Guidance for Commissioners

The College of Optometrists and the Royal College of Ophthalmologists have developed guidance to help commissioners and providers to understand how eye care services should be commissioned and delivered in the best interest of patients. 

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Low Vision

Download the joint commissioning guidance on Low Vision (PDF format)

Every part of the country should have access to a low vision service. Low vision affects every aspect of someone’s life, from the ability to prepare food to recognising friends’ faces. Older people with low vision are more likely to be depressed and to fall. The primary aim of low vision services is to enable people with loss of vision to regain or maintain as much independence and autonomy as possible.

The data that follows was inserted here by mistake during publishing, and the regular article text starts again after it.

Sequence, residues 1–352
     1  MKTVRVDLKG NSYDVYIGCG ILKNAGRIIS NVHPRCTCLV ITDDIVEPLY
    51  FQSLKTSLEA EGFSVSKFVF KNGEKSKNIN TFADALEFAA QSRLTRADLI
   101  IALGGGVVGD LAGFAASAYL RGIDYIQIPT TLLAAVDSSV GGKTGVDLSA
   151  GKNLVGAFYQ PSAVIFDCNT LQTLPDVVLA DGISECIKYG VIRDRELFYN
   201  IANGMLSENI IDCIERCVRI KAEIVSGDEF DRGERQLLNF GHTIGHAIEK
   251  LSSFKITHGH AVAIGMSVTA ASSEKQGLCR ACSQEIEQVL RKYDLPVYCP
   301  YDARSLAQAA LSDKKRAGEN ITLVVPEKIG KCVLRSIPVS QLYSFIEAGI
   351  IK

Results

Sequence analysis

Urgent Eye Care

Download the joint commissioning guidance on Urgent Eye Care (PDF format)

Demand for eye casualty services appears to be rising yet as many as 78% of cases attending eye casualty are deemed ‘non serious’. To achieve a significant shift of urgent eye care from hospital to primary care settings commissioners should ensure that there is adequate availability of urgent (same day or next day) appointments in the primary care service and educate the public and referring clinicians to use them as the first port of call for urgent eye conditions.